17. Jermaine Gresham (Cincinnati Bengals)
With the Bengals’ passing game facing a serious overhaul, it would seem as though Gresham stands to become more involved regularly in the offense next season. Good news for the former Oklahoma standout.
18. Tony Moeaki (Kansas City Chiefs)
Moeaki didn’t put up huge numbers last season, but he was good for about three catches per game. He’s still extremely raw, but is a tremendous athlete for a tight end. With one full season under his belt, expect his involvement in the offense to increase.
19. Jacob Tamme (Indianapolis Colts)
Tamme became the default replacement for Dallas Clark when he went down last season, and really didn’t look all that much different. The 26-year-old Tamme finished with 67 catches for 631 yards and four touchdowns in just 10 games. He’s got big-time potential.
20. Greg Olsen (Chicago Bears)
Olsen has plenty of ability, but his fantasy value fluctuates with the inconsistent play of Jay Cutler. He seems like more of a guy that you’d pick up as a week-to-week fill-in rather than your weekly starter.
21. Kevin Boss (New York Giants)
Boss’ numbers look quite a bit like Olsen’s. With a fairly inconsistent quarterback, three young and talented receivers and a dynamic running games, Boss often gets lost in the shuffle.
22. Tony Gonzalez (Atlanta Falcons)
Gonzo is still a serviceable fantasy tight end, but he’s clearly slowing down a bit. There have been recent whispers about a possible retirement, but if he sticks around for another season, he should be decently productive, once again. It’s not like the Falcons’ offense is teeming with tons of great pass-catchers, either.
23. Jared Cook (Tennessee Titans)
Cook is a real sleeper heading into next season. He came on late last year as a viable option for Kerry Collins, and, with the Bo Scaife era seemingly over, should be able to enjoy a full season as the go-to tight end. Keep an eye on him, for sure.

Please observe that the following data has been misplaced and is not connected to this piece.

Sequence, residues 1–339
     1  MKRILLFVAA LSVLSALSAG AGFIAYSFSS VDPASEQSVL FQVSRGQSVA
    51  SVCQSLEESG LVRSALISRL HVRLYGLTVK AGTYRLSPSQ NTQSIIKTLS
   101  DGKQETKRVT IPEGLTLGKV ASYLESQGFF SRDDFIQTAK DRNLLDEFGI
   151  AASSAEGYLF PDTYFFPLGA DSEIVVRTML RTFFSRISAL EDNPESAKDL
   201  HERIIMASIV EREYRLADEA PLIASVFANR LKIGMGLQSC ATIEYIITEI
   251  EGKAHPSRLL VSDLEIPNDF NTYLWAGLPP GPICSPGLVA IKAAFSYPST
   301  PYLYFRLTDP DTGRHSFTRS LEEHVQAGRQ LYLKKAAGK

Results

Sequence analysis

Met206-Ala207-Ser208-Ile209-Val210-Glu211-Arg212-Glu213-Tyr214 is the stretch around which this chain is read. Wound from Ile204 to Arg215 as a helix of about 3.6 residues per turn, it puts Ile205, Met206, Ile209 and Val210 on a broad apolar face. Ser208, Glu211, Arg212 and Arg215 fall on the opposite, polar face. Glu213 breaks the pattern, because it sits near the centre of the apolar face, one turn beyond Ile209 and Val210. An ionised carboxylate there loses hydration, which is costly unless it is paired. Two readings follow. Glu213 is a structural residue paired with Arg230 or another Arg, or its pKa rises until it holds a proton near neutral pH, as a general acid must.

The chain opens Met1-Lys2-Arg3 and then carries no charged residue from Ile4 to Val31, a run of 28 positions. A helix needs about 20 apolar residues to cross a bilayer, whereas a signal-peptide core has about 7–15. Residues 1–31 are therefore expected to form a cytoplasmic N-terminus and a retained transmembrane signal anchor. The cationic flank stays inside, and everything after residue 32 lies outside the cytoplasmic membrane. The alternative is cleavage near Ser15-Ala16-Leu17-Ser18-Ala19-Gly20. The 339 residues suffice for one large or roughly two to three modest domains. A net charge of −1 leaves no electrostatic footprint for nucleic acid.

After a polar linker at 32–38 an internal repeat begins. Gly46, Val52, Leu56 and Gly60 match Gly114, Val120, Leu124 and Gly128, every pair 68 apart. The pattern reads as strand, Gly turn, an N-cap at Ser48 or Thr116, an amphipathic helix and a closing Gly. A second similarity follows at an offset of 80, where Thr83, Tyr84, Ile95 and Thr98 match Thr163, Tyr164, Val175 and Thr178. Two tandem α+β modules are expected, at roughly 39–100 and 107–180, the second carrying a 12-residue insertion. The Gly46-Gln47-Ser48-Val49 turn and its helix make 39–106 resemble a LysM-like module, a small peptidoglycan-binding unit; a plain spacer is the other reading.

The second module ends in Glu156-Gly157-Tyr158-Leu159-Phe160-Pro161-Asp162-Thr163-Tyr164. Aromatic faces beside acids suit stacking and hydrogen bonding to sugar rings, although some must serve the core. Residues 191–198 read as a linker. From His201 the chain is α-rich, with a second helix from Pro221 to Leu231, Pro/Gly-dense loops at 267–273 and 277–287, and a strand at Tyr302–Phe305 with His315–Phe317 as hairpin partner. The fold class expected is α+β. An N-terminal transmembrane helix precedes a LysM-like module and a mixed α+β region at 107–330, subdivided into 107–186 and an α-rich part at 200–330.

24. Benjamin Watson (Cleveland Browns)
Watson is a solid PPR, possession tight end that won’t really blow you away in any area. He’s very steady with his production, and seemed to have solid chemistry with rookie quarterback Colt McCoy last year. You can do much worse.
25. John Carlson (Seattle Seahawks)
Carlson is young and talented, but throwing to the tight end has never really been an integral part of Matt Hasselbeck’s routine. Carlson’s value may rise upon Hasselbeck’s retirement in a few years, but that doesn’t mean you take that risk now. He scored just one touchdown last season.
26. Kyle Rudolph (Minnesota Vikings)
Rudolph isn’t a lock to do much in 2011, but he’s going to be the successor to Shiancoe (below) soon enough, and his talent speaks for itself. As long as Christian Ponder needs a big, reliable target to throw to (and he always will), Rudolph will have solid fantasy value.
27. Heath Miller (Pittsburgh Steelers)